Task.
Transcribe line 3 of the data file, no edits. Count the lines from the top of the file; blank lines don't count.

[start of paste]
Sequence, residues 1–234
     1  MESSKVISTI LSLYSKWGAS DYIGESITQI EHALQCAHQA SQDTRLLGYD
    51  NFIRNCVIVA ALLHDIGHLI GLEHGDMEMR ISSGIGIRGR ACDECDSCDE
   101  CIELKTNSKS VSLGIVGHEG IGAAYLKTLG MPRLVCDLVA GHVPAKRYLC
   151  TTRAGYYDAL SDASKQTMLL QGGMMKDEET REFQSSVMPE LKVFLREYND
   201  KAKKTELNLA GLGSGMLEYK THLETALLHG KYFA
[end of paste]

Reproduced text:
    51  NFIRNCVIVA ALLHDIGHLI GLEHGDMEMR ISSGIGIRGR ACDECDSCDE